LOST-male gray cat. Riverwoods area. Last seen on Sat., March 14. (616) 866-0686.      ftfn

FOUND-Jostens silver class bracelet with initials “D.A.M.” in gold lettering. Found at Sparta Chevrolet. Please call Anna at (616) 887-1791 to identify.      ftfn

LOST-11-year-old black-and-white male cat. Declawed, right ear misshapen. Last seen on Hessler Dr. in Rockford on Friday, Feb. 20. Call (616) 874-1702, leave a message.      ftfn.

LOST-golden retriever. 14 years old. Last seen on Sunday, February 8 on Young Ave., between 9 and 10 Mile roads. Call (616) 874-9066.      ftfn

LOST-female beagle with pink collar, last seen around the Childsdale/White Pine Trail area on Saturday, February 14. (616) 696-0367.      ftfn

FOUND-gift certificate and a large book found on corner of River Chase and Greystone on New Year’s Eve. Call (616) 450-4939 and identify.      ftfn

FOUND-Chevrolet keys with keyless remote. Found in parking lot at 355 Northland Dr., next to MI State Police station. Call (616) 866-7050.      ftfn

LOST-cockatiel, gray, one year old. Talks, whistles, friendly. Lost on September 8 from 18 Mile and Algoma area. Please call (616) 696-0839.     ftfn

FOUND-Chrysler key found in the Courtland and 11 Mile Road area. Please call The Rockford Squire at (616) 866-4465.     ftfn

LOST-small Siamese female cat, seal point, spayed. Lost west of river in Rockford near Jericho and Cahill. $50 reward! Call (616) 866-1021.     ftfn



The Rockford Squire’s “Free Pets” and “Lost & Found” classified ads are free of charge. Call (616) 866-4465 by noon on Monday to place your ad in next Thursday’s issue.

These puppies go fast! AKC Siberian Husky puppies. One black male, one gray female. Ready April 20. $450. Taking deposits of half down to hold your pup. (231) 937-9681.      b14cp

Free-one calico cat, two to three years old, indoor/outdoor, plays well with kids. (616) 696-9225.      ftfn

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Family takes next step in independence for those with disabilities


THE NEXT STEP-Kailey Sturr, center, is pictured with two of her caregivers, Anissa Olinger and Jennifer Wrobleski, on the couch in "Kailey's House."

THE NEXT STEP-Kailey Sturr, center, is pictured with two of her caregivers, Anissa Olinger and Jennifer Wrobleski, on the couch in "Kailey's House."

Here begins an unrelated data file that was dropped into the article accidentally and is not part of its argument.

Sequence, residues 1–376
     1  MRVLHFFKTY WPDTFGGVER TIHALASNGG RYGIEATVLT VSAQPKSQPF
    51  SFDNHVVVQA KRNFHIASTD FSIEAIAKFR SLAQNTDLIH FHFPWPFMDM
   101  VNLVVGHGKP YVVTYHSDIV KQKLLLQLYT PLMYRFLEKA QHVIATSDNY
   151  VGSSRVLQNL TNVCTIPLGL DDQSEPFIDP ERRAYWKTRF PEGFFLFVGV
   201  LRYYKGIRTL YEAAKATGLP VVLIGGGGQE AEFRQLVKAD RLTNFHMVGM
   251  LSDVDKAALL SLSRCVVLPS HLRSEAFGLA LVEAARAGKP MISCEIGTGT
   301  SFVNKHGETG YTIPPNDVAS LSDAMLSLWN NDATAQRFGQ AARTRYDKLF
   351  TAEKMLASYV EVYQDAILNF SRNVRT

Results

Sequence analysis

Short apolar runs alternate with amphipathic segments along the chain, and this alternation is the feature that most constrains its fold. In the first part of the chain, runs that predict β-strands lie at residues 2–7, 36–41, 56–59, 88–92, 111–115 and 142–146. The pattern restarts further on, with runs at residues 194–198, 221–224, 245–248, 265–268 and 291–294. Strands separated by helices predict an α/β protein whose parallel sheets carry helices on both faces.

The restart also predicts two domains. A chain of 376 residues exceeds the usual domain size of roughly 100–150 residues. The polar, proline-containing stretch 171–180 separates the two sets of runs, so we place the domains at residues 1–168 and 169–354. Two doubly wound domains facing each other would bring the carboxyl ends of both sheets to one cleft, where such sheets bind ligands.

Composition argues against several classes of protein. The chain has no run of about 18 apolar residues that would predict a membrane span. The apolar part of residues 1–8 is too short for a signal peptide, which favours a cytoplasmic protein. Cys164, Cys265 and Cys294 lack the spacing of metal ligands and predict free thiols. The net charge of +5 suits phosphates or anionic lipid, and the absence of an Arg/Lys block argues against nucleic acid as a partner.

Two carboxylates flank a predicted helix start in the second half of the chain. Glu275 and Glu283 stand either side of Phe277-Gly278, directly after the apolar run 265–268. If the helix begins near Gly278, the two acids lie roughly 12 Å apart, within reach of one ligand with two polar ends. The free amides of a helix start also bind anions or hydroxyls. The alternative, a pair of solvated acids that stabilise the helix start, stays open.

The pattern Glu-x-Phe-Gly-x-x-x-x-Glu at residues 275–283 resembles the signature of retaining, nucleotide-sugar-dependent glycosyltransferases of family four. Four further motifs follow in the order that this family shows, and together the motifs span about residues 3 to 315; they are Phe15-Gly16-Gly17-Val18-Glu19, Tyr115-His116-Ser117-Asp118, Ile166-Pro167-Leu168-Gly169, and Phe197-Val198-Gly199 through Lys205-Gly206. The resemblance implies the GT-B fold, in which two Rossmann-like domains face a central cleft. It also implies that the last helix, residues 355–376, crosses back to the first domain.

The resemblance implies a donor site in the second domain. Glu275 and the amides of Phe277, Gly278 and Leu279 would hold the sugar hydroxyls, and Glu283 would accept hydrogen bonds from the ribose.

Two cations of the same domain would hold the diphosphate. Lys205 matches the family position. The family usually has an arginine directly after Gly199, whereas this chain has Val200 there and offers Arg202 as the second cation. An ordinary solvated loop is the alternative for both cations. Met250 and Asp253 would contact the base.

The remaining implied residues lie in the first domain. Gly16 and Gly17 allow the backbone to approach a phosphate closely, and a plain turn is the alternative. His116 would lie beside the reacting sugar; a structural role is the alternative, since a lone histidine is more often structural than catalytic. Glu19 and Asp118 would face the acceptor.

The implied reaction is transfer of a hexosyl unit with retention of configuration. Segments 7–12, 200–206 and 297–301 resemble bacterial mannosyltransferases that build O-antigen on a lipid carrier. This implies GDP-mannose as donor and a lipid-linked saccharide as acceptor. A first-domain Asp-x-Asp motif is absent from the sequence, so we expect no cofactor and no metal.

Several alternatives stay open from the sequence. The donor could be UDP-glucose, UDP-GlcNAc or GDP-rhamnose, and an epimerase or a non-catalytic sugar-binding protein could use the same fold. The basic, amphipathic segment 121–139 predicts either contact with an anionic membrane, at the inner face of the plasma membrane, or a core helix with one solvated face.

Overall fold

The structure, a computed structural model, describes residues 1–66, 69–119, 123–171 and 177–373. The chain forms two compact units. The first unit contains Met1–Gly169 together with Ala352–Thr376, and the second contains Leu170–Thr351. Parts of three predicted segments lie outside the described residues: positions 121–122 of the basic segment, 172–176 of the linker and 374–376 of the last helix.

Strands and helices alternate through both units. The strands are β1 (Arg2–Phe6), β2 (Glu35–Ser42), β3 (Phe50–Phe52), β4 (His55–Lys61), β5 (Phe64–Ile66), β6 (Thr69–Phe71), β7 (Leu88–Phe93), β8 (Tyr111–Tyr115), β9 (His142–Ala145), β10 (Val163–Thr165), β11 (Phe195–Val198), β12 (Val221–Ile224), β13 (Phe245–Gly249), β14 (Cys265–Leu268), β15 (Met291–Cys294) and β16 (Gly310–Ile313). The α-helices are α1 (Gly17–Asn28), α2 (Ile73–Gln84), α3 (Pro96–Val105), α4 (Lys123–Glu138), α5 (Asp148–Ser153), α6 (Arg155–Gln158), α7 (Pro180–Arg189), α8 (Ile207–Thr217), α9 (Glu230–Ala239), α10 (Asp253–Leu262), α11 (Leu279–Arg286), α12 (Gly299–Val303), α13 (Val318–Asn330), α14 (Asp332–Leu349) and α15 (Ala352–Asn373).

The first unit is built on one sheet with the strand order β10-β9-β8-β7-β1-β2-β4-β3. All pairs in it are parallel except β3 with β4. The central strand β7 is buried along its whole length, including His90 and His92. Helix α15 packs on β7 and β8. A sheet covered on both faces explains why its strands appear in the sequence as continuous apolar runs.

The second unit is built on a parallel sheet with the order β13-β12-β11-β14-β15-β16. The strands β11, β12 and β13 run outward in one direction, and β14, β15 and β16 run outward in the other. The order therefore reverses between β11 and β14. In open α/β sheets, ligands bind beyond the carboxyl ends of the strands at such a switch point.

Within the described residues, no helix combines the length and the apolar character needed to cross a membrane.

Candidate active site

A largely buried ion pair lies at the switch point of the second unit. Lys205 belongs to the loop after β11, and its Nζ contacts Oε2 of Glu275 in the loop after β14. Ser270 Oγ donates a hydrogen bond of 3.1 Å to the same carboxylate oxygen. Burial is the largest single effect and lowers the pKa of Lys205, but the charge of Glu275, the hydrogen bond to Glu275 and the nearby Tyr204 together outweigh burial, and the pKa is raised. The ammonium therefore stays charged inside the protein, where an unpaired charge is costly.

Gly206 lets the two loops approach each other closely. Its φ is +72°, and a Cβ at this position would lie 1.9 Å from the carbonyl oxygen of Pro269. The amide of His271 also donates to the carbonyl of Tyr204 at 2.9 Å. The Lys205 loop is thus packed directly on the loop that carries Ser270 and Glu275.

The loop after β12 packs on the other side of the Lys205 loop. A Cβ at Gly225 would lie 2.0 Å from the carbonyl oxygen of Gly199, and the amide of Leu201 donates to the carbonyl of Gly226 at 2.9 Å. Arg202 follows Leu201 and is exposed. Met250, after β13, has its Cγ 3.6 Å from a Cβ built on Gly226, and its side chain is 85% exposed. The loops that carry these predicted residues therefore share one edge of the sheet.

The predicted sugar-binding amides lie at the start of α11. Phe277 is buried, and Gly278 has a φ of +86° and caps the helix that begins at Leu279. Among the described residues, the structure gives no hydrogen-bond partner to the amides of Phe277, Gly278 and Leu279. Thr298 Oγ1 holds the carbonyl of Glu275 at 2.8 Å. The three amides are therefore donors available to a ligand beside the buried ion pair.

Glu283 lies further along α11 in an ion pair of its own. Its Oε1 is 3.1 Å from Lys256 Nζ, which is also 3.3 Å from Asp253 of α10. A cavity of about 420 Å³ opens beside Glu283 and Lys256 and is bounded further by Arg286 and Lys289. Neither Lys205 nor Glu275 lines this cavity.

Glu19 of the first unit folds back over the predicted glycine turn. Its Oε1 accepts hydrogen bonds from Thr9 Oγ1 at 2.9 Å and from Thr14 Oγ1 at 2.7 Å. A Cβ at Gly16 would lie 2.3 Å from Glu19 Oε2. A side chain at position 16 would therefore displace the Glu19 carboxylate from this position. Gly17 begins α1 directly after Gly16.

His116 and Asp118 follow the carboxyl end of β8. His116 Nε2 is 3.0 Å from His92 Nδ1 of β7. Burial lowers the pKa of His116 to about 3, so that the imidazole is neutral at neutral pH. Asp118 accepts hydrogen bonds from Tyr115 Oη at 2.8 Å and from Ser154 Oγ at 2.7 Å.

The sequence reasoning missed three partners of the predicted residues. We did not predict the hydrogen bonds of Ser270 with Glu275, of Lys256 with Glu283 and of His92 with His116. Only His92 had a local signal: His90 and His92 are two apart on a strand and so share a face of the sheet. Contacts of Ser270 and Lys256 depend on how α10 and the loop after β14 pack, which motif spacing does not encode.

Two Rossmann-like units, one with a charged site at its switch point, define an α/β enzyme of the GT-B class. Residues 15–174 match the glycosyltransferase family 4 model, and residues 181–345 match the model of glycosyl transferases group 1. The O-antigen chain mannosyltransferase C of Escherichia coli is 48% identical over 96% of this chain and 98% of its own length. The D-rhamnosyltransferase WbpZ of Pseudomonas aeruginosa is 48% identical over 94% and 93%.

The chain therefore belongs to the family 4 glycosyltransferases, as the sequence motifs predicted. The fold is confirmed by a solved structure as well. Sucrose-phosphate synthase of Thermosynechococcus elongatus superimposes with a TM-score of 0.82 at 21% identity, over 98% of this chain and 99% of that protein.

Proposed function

When Beth Sturr contacted the Squire for a story about her daughter, she said she had been planning the article for 18 years.

Kailey Sturr, who will be 18 in May, has Angelman Syndrome. The smiling, active girl can do many things-help with laundry, chose her own meals, give hugs. She is also non-verbal, is mentally at the level of a toddler and traditionally would either live at home her entire life or be placed in a group home.

Her parents have a different vision for her.

Before the Sturr family settled in Rockford, they knew they wanted their daughter to eventually live in her own home and achieve a level of independence formerly unheard of for a person with Kailey’s disability.

Planning to settle in West Michigan, they called schools and visited towns. When they talked to Rockford Public Schools and the person in charge of the programs for students with disabilities, they felt what they called “such a warm welcome.”

When they saw the downtown, that was the end of the search. Kailey started in the district in the pre-primary impaired program at Meadowridge Elementary and has moved all the way up through to Rockford High School, where she enjoys eating lunch with other students. “Kailey has risen to her potential in Rockford Schools,” said Beth.

Now, at 18, it is time for Kailey to transition to the next phase of her life. Years ago, her parents purchased the home next to theirs on Courtland just north of Monroe. They are ready for Kailey to live in her own home.

“It’s a block from Rocky’s, a block from the bike path, close to all the festivals. It’s the perfect situation for a disabled adult to be a part of,” said Sturr.

Fifty years ago people with severe disabilities were routinely packed off to institutions. Parents of children with disorders such as Downs Syndrome weren’t given much in the way of options. Now group homes or living at home are common. The idea of setting up a disabled person in their own home is brand-new and cutting edge.

“We have had to get creative,” said Sturr. “Getting the house was probably the easiest part.”

The next piece in the puzzle  of the vision for Kailey is to find a roommate or roommates for her. Ideally the Sturrs would like to match Kailey with another disabled girl. Kailey qualifies for 77 hours a week of care but requires 24-hour care. The Sturrs hope the perfect match will be another girl who qualifies for care. Hopefully there will be a way to pool their resources to enjoy this unique living situation.

Another idea is for a caregiver who can exchange duties for live-in privileges. According to Sturr, there are several scenarios that might work.

The home itself is sunny and charming-and childproof. It has a large, fenced back yard, a playroom and three bedrooms, but is not handicap accessible. Kailey’s current caregivers come from MOKA, an organization that helps disabled people from the counties of Montcalm, Ottawa, Kent and Allegan.

According to caregiver Anissa Olinger, Kailey’s future living conditions are unique. Part of the preparation for Kailey living “alone” is to introduce her to her fellow community members.

“Her neighbors know her, the library knows her, business people are getting to know her. She was happy before, but she is even happier now that she is getting to know the community,” Olinger said. She said part of Kailey’s independence is to be very active in her town.

Beth Sturr has been working on having Kailey be a visible and known individual in Rockford. She has been giving to Locks for Love for years, grows flowers to give to neighbors and business owners, is a restaurant familiar and gives out bottled water on the White Pine Trail.